By Angelos Anastasiou
British banking behemoth HSBC representatives have given statements to two Cypriot investigators in London regarding the 2006 sale of the bank’s stake in now-defunct Laiki bank to Andreas Vgenopoulos’ Greece-based group Marfin Investment Group (MIG), police spokesman Andreas Angelides said on Tuesday.
Angelides added that, upon the two investigators’ return to Cyprus, Attorney-general Costas Clerides was briefed on their findings, and the material obtained is being examined in conjunction with the evidence already collected.
Police investigators have been looking into the causes of the banking collapse that hit Cyprus in March 2013, imposing heavy losses on shareholders, bondholders, and uninsured depositors of the island’s two largest banks.
Several former top officials from both banks are already facing charges over their actions immediately prior to the March 2013 meltdown, but a case against Vgenopoulos, whom many consider one of the key players in the run-up to the crisis, has yet to be filed.
“In the context of a legal assistance request, two investigators on the economy probe visited the United Kingdom, from January 4 to 9,” the police spokesman said.
“Statements have been taken from representatives of HSBC bank, and, upon their return to Cyprus, the attorney-general has been informed. The contents of these statements are being carefully evaluated, along with the rest of the evidence collected regarding this case.”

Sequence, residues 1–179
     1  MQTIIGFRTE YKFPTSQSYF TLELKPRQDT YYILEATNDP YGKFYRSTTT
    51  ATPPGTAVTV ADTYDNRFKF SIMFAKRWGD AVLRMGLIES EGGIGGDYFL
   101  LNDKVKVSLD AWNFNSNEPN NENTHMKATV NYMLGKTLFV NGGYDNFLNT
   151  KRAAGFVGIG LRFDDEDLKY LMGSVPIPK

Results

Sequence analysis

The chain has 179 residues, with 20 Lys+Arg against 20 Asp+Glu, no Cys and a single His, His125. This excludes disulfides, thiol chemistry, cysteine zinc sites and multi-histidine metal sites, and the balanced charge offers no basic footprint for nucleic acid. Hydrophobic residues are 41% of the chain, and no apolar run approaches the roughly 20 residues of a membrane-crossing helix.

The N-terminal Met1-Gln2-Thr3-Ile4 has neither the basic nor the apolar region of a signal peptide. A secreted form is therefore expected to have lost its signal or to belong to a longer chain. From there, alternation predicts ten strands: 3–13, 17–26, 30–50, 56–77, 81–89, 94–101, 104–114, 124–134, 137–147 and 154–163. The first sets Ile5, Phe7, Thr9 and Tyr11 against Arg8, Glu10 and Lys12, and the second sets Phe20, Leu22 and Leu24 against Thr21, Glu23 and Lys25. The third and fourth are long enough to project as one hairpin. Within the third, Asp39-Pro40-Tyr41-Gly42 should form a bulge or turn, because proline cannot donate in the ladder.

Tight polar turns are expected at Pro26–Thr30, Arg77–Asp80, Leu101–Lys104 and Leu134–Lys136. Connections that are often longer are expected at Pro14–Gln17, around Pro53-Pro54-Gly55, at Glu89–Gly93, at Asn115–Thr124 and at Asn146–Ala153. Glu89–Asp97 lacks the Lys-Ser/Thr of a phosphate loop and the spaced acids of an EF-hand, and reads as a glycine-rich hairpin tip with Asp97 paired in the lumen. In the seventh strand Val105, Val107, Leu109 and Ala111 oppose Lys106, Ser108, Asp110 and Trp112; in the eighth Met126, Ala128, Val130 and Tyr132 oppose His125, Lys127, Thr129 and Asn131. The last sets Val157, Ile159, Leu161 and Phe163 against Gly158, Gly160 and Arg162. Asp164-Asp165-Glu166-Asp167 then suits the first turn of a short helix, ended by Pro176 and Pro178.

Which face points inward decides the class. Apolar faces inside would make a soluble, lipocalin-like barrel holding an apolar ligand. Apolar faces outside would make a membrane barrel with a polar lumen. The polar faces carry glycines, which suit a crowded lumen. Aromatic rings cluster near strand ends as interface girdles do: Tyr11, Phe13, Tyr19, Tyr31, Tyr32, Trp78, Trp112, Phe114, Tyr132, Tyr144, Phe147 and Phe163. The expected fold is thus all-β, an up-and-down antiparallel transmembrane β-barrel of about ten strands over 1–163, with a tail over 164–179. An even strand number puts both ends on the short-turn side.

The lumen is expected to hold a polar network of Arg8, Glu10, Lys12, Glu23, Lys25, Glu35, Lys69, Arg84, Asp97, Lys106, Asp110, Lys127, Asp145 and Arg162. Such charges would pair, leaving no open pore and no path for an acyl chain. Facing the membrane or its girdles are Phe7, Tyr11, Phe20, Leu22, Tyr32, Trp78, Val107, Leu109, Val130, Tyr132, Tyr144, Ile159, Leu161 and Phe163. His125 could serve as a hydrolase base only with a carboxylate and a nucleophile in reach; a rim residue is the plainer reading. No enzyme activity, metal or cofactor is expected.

Investigators hope to find evidence backing claims that Vgenopoulos was able to secure complete control of Laiki by circumventing the rules.
Selling HSBC’s 21.16 per cent stake in Laiki would normally have required special approval by the Central Bank of Cyprus, which is not required for acquisitions up to 10 per cent.
During the 2006 mega-deal, MIG bought 9.98 per cent, the Tosca Investment Fund 8.18 per cent, and Laiki’s staff bought the remaining 3 per cent.
But it has been suggested that Vgenopoulos was actually behind the Tosca Fund purchase, as well – the implication being that he acquired a stake in Laiki over 10 per cent by proxy.
In the midst of finger-pointing after the March 2013 collapse, Vgenopoulos claimed in a televised interview that HSBC wanted out of Laiki because the Cypriot lender had been tainted by the Milosevic affair – an oft-cited but never proven scheme by the Serb president’s people designed to break the UN-imposed embargo on the regime by literally carrying money out of Serbia and into Cyprus, and laundering it through Laiki.
When asked why his MIG group would want to buy HSBC’s stake despite the Milosevic stain, Vgenopoulos said in the same interview “because they sold cheap”.